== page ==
As his defensive backs ran past him after practice, Nebraska‘s Terry Joseph sounded more like a race car crew chief than an assistant football coach.
“Players are kind of like tires on a car,” Joseph said. “The more miles you get on them, the more they’re gonna wear out.”
Fortunately for Joseph, it appears the Husker secondary has plenty of tires in stock for the long haul of the season.
Joseph and other Nebraska coaches have talked often in the preseason about the plan to rotate more players into the games this year, especially on defense. Some of that may be motivational rhetoric, but there is no denying college offenses are running more plays and pushing the pace. Saturday’s opponent, Wyoming, runs a spread offense that will do just that.
“You kind of have to mix and match a little bit,” Joseph said. “You get in the game and it’s gonna be hot out. The tempo is gonna be fast. We've got so many new guys playing on defense, so we worry about nerves getting to them, playing in front of 90,000 people screaming. It’s a matter of getting a lot of guys reps in different combinations because you don’t know how the game will play out.”
Nebraska was the top pass defense in the country last year, giving up just 168.1 yards per game through the air. Wyoming and junior quarterback Craig Smith averaged 268.4 passing yards per game last season, so the Cowboys should provide a pretty good test for Nebraska’s young defense in the opener.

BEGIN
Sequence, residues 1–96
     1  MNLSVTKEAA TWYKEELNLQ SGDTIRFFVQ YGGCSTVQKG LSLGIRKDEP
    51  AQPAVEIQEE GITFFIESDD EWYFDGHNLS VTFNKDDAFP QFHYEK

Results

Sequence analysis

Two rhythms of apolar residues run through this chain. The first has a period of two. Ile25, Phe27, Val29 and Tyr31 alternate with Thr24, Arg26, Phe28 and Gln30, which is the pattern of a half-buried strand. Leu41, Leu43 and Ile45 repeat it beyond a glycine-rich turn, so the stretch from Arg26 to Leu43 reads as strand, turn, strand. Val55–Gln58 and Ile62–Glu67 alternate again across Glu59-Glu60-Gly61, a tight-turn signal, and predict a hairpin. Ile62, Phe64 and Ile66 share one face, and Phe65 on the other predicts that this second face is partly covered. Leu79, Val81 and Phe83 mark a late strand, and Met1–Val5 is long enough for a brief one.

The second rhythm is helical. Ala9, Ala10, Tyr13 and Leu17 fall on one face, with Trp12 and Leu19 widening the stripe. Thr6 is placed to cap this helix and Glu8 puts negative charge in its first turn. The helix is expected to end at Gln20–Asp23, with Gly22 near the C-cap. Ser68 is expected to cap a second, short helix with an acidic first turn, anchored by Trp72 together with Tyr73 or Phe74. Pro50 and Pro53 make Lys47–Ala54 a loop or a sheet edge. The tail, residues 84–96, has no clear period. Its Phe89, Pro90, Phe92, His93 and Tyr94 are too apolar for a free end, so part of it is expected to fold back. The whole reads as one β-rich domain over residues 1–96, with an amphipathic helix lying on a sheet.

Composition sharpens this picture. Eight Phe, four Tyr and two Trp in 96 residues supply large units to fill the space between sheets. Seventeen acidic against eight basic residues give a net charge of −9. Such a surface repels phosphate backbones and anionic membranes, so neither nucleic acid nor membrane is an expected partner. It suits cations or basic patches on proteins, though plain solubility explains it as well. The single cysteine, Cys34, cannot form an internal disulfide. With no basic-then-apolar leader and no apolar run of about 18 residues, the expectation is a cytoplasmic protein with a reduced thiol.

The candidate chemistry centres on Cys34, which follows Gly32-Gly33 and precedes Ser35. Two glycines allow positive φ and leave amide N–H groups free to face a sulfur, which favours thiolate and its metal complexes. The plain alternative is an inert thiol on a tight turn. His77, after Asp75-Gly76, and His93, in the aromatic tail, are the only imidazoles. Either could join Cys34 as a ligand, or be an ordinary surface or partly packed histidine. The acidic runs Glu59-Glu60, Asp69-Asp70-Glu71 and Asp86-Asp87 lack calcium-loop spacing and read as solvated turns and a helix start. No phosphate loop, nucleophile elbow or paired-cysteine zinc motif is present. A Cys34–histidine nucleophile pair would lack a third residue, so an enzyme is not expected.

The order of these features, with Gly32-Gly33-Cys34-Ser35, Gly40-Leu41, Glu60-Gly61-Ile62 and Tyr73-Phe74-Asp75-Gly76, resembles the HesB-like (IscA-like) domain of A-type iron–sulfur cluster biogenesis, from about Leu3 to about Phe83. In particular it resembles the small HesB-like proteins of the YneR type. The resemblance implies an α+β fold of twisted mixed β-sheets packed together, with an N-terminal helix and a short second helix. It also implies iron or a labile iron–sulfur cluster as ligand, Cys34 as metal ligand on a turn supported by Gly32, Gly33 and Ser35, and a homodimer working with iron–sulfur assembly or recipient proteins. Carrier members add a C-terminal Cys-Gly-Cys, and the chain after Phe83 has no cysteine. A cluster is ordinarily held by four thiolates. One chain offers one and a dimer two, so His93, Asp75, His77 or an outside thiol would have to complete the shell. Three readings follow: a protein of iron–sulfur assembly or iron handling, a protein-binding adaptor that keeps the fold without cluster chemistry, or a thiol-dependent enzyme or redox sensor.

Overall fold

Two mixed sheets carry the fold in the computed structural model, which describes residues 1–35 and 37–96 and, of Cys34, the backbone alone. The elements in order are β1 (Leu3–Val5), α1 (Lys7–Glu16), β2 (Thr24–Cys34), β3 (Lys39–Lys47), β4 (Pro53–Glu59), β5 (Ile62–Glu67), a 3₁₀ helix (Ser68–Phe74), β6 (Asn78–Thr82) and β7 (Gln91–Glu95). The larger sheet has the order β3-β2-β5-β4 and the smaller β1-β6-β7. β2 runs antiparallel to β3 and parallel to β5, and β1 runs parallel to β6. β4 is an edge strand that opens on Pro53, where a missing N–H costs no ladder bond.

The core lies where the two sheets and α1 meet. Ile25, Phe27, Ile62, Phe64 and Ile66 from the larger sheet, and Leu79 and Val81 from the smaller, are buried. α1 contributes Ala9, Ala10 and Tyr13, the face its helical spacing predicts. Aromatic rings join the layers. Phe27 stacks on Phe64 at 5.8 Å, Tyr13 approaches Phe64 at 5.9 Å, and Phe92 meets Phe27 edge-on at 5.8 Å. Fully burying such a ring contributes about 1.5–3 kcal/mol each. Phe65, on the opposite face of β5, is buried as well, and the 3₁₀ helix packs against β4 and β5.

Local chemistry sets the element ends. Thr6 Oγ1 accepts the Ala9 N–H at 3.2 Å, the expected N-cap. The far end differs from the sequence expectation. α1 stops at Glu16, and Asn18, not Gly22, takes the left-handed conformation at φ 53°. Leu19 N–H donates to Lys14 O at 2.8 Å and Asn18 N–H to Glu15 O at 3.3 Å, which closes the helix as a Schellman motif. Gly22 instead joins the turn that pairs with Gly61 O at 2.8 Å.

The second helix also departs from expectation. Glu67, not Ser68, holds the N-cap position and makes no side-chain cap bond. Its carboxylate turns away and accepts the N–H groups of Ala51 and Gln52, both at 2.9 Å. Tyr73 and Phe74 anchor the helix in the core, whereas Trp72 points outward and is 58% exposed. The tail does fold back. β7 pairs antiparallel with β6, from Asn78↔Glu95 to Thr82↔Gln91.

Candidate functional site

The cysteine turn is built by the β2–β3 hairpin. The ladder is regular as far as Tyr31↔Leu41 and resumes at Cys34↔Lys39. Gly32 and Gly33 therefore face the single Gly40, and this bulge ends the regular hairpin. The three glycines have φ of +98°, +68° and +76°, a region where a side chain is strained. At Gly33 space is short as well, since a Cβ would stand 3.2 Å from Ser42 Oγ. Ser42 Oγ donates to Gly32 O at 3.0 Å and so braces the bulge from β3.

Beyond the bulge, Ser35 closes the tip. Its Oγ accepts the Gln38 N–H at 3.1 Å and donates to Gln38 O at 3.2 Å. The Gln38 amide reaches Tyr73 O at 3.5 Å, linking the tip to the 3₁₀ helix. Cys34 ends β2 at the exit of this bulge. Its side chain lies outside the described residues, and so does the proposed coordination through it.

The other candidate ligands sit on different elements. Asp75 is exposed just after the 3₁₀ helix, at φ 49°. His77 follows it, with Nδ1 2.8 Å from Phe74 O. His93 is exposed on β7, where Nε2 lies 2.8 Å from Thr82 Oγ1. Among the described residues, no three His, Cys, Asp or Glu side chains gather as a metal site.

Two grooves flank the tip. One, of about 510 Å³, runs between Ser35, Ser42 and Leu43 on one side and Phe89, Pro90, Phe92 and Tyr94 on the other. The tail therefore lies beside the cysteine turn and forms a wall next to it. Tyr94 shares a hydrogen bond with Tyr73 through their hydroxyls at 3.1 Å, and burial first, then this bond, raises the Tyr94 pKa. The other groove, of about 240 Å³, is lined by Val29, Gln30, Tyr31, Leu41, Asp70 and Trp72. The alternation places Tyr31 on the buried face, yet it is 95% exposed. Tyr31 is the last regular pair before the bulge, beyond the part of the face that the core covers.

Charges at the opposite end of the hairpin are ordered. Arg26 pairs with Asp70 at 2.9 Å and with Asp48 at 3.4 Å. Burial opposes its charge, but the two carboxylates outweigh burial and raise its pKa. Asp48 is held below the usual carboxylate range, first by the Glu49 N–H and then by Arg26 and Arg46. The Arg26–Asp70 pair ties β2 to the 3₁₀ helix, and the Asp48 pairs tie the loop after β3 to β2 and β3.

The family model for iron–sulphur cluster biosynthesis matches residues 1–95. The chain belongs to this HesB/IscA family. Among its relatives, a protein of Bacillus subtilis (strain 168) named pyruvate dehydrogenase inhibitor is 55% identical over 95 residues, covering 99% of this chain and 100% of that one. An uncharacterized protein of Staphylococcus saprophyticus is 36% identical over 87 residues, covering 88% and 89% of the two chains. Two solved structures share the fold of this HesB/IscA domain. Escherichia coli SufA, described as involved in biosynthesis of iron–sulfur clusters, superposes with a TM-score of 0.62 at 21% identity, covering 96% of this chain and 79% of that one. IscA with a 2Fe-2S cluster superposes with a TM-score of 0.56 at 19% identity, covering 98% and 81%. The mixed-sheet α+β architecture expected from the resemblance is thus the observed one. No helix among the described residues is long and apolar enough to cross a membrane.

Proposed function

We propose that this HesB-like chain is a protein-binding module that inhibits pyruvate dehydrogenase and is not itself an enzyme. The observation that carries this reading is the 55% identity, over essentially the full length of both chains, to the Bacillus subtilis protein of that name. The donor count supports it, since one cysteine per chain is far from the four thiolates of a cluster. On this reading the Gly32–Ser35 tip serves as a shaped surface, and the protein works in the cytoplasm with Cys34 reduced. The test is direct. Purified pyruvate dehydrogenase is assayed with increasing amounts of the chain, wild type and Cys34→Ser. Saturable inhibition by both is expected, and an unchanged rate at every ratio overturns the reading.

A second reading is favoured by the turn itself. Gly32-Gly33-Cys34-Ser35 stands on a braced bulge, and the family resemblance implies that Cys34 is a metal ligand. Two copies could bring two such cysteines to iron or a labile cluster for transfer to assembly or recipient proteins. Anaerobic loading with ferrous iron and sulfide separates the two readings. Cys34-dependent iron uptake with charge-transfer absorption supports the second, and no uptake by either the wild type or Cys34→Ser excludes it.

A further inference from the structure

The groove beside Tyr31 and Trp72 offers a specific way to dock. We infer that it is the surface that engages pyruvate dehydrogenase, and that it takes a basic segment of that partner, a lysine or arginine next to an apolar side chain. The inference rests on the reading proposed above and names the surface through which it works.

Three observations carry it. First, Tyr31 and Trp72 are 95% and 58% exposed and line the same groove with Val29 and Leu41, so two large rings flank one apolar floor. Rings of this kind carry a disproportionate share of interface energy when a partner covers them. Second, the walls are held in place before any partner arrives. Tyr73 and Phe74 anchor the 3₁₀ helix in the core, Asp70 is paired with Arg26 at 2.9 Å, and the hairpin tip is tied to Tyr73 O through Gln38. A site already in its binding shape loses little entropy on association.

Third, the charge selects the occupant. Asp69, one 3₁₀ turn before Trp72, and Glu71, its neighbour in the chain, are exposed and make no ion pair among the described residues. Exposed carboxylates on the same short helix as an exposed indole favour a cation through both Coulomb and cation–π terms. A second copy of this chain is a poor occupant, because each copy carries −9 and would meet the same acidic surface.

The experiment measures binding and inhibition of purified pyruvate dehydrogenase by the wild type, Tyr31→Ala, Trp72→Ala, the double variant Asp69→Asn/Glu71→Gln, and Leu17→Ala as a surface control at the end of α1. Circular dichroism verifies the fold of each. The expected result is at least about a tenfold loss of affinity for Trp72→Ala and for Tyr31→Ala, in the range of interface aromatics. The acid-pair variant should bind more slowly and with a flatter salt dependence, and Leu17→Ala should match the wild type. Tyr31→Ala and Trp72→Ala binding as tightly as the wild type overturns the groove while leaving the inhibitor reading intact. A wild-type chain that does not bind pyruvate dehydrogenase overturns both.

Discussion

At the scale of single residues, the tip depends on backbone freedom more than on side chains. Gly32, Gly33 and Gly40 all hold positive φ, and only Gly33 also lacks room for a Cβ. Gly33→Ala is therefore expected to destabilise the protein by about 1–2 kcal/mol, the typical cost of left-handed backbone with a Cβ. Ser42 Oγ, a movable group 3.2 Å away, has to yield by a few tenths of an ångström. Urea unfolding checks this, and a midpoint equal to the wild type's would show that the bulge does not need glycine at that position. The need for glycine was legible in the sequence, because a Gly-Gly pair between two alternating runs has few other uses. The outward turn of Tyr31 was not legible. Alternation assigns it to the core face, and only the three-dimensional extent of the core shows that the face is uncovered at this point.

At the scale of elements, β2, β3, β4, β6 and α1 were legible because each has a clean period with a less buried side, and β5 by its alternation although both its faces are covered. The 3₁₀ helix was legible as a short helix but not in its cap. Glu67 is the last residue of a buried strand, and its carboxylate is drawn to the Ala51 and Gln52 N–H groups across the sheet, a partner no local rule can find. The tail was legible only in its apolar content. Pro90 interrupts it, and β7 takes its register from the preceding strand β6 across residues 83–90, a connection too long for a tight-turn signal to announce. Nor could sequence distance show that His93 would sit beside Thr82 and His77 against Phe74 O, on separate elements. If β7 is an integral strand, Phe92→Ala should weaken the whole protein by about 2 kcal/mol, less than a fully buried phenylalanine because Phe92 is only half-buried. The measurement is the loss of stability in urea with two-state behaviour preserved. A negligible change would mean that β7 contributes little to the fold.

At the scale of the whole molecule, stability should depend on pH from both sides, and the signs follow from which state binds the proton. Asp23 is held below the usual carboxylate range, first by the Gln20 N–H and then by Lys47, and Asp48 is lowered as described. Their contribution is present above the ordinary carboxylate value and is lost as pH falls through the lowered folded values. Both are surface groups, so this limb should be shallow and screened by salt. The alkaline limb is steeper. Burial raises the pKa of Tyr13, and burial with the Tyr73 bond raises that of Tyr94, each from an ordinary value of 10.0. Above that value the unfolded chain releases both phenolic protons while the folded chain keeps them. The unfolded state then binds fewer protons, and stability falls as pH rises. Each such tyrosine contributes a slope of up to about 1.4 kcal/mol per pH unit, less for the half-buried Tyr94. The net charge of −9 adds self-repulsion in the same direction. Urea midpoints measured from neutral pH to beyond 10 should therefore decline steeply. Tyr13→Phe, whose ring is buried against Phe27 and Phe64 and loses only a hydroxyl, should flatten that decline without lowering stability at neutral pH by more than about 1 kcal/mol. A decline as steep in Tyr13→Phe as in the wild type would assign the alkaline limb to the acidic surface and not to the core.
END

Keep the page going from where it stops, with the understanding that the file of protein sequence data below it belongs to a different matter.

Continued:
"You just have to be able to trust the coaches and the game plan,” senior nickel back Ciante Evans said. “Offenses do a lot of the same things and run the same route concepts. You just have to go out there and be able to recognize what’s going on.”
Joseph said he feels comfortable with “four or five” guys at the safety spot -- the names brought up most often are Corey Cooper, Harvey Jackson, Andrew Green and Charles Jackson -- where the Huskers are replacing two starters. Nebraska is particularly deep at cornerback, and that competition, said Joseph, has been “fierce” in fall camp. Evans is a lock at nickel back and veterans such as Josh Mitchell, Stanley Jean-Baptiste, Mohammed Seisay and Jonathan Rose also are on the coach's radar.
“The guys know every mistake is gonna be critiqued and graded,” Joseph said. “It’ll come down to the guy that is most dependable is gonna play the most. Every day, those guys try to pay attention to detail and do the little things right, because they know they could be bumped out of the rotation. As good as the competition is, it might be hard getting back in.”
As the Huskers prepare for a potent Wyoming passing attack, the competition for playing time continues.
“All we do is come out here every day and compete against each other,” Mitchell said. “There’s always some trash talking going on in the room, and every day we come out here to find out who can be the better player.
“Luckily for us, we have a lot of depth in the secondary so the rotation for us is smooth. The guys that come in know what they’re doing and know the plays. We don’t really see a bit of difference for us when the rotation is so smooth.”
Going against Nebraska’s uptempo offense in practice has been a plus, Joseph said.
“It’s a tribute to how Coach Bo handles it. We continue to go some ‘good on good’ in preparation for the game so we can get used to the speed and the fast tempo. It’s not exactly scout tempo against our offense.”
Evans expects some of the younger players to be wide-eyed in Game 1.
How did Evans get over the butterflies in his first game?
“I didn’t,” Evans said with a smile. “I had butterflies the whole game. But you have to get used to it.”